into the ice-trays that we used as moulds, and to turn solid there.

The amount of participants also turned out to be very appropriate: not too many to create
unnecessary hassle, but not too few either. Each one of them had a specific task to do and was
happy to concentrate on it. Shelling the peanuts, cutting the raisins, getting the vanilla dust out of
the vanilla pods, toasting, grinding the cacao beans, adding milk, sugar, mixing… and so on!
As this was our first session, a bit of experimentation by the “trial and error” method was
inevitable! The fun part was to do in the most democratic way possible: everyone was allowed to
dip their spoon in the chocolate mass in the bowl and was asked their opinion: too bitter? Too
sweet? Do we add more milk? Can you taste the vanilla and the cinnamon?

And a dozen of overexcited voices filled the room, each one giving a different advice!..

Let's be fair on ourselves: the chocolate that we ended up carrying home to freeze for a few days in
our refrigerator, after decorating it with raisins and peanuts, had a rather rough and sandy texture.
It left a bitter aftertaste, despite the copious amounts of sugar that we put in, and most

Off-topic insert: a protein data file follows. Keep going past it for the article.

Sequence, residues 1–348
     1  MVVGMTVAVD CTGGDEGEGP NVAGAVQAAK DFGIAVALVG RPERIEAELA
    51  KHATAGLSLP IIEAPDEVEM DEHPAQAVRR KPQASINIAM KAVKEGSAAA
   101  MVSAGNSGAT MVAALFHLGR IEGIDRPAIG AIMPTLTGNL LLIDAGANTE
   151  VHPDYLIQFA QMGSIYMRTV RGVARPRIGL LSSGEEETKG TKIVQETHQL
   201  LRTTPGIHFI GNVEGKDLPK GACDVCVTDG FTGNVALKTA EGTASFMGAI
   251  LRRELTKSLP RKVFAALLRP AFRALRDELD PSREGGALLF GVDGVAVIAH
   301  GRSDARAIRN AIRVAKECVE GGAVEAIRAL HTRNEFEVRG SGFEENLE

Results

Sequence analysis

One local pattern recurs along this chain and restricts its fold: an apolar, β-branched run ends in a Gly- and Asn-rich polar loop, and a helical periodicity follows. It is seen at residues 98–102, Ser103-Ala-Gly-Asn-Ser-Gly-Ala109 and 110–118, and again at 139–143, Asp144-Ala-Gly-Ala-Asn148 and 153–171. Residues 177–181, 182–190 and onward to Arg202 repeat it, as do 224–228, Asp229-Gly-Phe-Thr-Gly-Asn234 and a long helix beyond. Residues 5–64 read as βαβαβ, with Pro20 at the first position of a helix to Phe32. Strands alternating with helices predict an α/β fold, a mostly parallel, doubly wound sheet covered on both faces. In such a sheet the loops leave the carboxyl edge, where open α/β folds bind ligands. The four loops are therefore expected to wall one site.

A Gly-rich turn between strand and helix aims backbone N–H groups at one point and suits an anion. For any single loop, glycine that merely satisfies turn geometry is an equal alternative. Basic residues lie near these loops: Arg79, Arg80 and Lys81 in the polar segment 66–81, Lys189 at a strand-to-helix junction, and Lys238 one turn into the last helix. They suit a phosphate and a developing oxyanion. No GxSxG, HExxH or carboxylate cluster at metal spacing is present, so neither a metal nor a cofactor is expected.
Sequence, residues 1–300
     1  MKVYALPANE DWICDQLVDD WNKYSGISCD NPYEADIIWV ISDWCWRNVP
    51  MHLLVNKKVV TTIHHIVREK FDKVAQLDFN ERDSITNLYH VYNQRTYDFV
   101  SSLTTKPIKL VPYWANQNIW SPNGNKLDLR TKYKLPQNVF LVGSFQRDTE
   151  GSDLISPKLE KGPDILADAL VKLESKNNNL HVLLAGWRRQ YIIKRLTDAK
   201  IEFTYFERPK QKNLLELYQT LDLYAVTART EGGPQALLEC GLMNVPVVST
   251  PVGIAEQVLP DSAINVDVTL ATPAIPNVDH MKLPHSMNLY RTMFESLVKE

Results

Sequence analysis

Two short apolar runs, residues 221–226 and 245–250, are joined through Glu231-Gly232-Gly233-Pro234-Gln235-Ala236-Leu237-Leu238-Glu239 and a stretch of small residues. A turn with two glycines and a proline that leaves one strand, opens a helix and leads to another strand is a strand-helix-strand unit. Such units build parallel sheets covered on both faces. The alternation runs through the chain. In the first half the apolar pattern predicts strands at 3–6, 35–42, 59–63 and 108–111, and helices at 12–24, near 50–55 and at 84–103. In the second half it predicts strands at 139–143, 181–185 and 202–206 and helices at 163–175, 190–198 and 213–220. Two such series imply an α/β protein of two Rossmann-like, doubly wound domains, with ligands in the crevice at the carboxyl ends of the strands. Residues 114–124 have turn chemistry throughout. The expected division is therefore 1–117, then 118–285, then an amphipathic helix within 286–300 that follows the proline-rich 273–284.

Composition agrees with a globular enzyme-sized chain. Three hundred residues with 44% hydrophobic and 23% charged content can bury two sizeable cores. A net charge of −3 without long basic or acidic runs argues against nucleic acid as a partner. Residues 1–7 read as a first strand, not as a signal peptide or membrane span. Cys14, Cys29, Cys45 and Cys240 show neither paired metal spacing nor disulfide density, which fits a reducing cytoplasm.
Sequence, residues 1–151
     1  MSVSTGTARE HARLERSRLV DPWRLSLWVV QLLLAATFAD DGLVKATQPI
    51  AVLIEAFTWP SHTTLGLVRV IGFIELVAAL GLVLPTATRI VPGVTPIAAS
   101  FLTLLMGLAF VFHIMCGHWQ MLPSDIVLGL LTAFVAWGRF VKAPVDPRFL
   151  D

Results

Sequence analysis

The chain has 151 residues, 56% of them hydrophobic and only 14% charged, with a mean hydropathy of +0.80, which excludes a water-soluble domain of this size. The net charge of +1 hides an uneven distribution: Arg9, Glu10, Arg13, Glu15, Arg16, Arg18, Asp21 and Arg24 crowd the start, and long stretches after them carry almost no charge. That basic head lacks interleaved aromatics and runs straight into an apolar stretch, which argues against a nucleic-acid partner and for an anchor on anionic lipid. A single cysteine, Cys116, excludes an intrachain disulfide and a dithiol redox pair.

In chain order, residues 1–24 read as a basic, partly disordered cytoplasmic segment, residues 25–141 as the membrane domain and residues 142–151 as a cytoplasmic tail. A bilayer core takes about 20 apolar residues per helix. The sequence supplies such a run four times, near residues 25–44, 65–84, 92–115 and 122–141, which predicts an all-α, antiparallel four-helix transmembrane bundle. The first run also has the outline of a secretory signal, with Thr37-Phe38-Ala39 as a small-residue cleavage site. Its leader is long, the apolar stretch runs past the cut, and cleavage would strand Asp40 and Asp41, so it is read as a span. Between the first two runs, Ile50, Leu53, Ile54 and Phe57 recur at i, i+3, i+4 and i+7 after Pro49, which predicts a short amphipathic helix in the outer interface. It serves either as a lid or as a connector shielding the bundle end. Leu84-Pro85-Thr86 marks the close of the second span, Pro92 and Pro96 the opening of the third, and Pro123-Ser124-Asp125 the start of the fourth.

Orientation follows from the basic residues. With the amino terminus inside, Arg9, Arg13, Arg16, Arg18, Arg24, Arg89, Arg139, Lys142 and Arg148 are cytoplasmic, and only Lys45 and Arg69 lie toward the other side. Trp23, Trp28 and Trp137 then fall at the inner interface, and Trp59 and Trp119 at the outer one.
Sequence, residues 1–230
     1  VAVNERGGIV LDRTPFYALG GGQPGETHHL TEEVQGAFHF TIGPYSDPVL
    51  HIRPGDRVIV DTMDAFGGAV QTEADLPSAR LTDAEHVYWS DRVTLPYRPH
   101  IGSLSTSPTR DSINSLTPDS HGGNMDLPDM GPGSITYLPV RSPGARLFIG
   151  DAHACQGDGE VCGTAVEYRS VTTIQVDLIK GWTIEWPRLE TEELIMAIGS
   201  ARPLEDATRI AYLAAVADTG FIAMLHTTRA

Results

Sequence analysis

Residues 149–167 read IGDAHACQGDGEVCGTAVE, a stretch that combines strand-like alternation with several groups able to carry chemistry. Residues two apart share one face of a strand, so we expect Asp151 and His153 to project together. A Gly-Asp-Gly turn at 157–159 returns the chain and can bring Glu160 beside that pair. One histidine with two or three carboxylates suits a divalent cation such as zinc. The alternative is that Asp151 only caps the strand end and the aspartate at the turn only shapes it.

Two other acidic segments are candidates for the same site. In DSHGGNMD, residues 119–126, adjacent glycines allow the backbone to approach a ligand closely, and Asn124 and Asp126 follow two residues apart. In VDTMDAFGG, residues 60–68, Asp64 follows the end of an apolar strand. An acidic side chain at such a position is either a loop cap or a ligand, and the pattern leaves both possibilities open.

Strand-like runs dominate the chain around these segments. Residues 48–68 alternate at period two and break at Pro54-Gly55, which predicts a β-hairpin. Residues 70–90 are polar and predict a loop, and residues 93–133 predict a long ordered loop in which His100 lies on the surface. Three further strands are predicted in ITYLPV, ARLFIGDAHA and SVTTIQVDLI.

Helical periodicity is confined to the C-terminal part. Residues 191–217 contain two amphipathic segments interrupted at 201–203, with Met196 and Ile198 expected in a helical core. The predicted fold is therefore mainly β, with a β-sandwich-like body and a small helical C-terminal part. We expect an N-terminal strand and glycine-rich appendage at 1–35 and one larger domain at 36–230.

disappointing of all – it melted within the five minutes after we took it out of the freezer to share
with the children the following week!

Well, disappointing for us, maybe, but not for the children! They were just as delighted to receive a
liquid version of the fruit that we achieved with the help of their labour, and they always came
back for a second and third round. In the end, even if we are not entirely satisfied with the final
product, the participants' joy is what really matters.

And next time, well refine the recipe and consult professional sources to try and figure out how we
could improve our chocolate to make it as mouthwatering as the one that Roal Dahl describes in
Charlie's adventures at Willy Wonka's famous factory!

Written by: Katerina

Monday, October 26, 2015

Full speed ahead! New Projects are in the house